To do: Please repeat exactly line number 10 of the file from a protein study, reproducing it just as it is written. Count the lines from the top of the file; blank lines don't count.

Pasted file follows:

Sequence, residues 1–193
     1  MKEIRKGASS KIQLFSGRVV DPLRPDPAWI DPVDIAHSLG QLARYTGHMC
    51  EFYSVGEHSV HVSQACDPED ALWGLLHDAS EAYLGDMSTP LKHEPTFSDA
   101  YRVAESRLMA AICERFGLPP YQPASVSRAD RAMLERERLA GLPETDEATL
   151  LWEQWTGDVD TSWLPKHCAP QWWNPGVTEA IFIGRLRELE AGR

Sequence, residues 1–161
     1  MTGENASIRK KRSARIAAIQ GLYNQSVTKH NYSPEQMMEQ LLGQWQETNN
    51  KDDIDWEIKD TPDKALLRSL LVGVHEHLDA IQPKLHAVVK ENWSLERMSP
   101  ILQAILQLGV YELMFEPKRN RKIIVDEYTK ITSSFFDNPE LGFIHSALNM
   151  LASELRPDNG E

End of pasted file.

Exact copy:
   151  LASELRPDNG E